A bad Stoic's take on the Dichotomy of Control
Hi I’m Yihwan, and I’m a bad Stoic.
I study Stoicism, but I’m not much of a Stoic scholar. I can’t say what Seneca meant or Marcus Aurelius intended, especially since I haven’t made it through all of Seneca’s letters (he wrote a lot!) or read Meditations cover-to-cover.
I often hear that the ultimate goal of Stoicism is to live a “virtuous” life. This sounds nice, but rather vague. I’ll leave it to the Stoic philosophers to interpret what “live”, “virtuous”, and “life” mean — and how one can go about pursuing it in the first place. Oh, and I don’t speak Greek, so my mind tends to wander when I see words like adiaphora or eudaimonia thrown about.
But over the years, Stoicism has helped me prioritize my daily work, focus on what’s most important in life, and even find a bit of inner peace. Of all the Stoic teachings, the Dichotomy of Control has been the most impactful.
The Dichotomy of Control
At its core, the Dichotomy of Control is about separating things you can control (internal things) from things you can’t control (external things) — and not worrying about the latter. In other words, focus on yourself — and the things you alone can control.1
The basic tenet seems straightforward enough. If you can’t control something, why worry about it? It’d be like worrying whether the planet stops spinning tomorrow — a bit silly, and not worth your time.
But as someone who likes to frame situations in terms of probabilities, I find a strict Dichotomy of Control somewhat unsatisfying. After all, there might be things you have complete control over (whether you check your phone right after waking up) and things you have no control over (whether the planet stops spinning tomorrow), but surely there must also be things we can partially control. Should we completely discount those as well?
The Trichotomy of Control
Enter the Trichotomy of Control, proposed by William B. Irvine in The Guide to a Good Life.2
The Trichotomy of Control provides an escape hatch from a strict Dichotomy of Control (“things over which we have complete control” versus “things over which we do not have complete control”) by explicitly adding a third category: things over which we have some, but not complete control.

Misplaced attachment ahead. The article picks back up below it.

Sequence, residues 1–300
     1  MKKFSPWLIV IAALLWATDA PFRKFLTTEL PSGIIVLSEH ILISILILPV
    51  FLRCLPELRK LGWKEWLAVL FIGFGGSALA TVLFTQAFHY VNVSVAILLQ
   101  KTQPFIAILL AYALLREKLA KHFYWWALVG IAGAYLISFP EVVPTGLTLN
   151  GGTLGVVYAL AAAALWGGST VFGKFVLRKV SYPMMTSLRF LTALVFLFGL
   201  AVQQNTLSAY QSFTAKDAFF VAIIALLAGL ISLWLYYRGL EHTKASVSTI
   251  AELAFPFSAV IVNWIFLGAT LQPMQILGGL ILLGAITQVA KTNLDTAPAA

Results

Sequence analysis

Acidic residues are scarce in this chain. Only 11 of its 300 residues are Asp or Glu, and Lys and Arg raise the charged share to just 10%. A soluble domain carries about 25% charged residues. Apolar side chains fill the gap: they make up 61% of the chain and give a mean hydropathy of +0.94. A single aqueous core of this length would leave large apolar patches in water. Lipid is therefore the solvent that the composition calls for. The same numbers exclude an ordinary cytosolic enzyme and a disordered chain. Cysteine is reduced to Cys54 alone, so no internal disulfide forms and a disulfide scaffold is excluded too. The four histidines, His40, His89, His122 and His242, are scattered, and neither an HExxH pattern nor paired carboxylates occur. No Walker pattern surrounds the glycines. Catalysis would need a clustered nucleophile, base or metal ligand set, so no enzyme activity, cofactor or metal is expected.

To illustrate his point, Irvine suggests that we have some, but not complete control over winning a tennis match. In this example, Irvine advises us to separate external goals (whether we actually win) from internal goals (whether we play to the best of our ability) to maintain our inner tranquility. By focusing on an internal goal we can control, we lessen our chances of being upset by the actual outcome of the match.
But Donald Robertson, author of How to Think Like a Roman Emperor, expresses skepticism:
Irvine seeks to replace the Stoic dichotomy between things under our control (or “up to us”) and things not, with a “trichotomy” that classifies most events in a third category, consisting of things “partially” under our control … this would seem to wreck the conceptual framework of Stoic Ethics … It would be better to spell out which parts or aspects of a situation are within our control and which are not, and that inevitably brings us back to the traditional Stoic dichotomy. [emphasis added]
While I can’t comment on how a Trichotomy of Control might “wreck the conceptual framework of Stoic Ethics,” I’m intrigued by Robertson’s suggestion that we think harder about “which aspects of a situation are within our control and which are not” to bring us back to a traditional Dichotomy of Control.
“Segment, segment, segment”
Back when I worked in consulting, I was told that the first step to solving any problem was to “segment, segment, segment” until I identified the real underlying issue. Engineers often take a similar approach to breaking down larger problems into smaller, more manageable pieces.
As an (admittedly contrived) example, here’s a common consulting case interview question:
Profits are down 40% this year. What do we do?
The correct answer is not, as I did, to start sweating through your new suit and frantically searching for the nearest exit. Instead, the idea is that you ask exploratory questions to segment the problem until you arrive at the root cause.
So a better answer might follow this typical framework:
Profit is income minus expenses, so you ask whether income or expenses have changed.
If income has remained stable but expenses have increased, you know this is a cost problem. So you start asking about how costs have changed over time across different categories.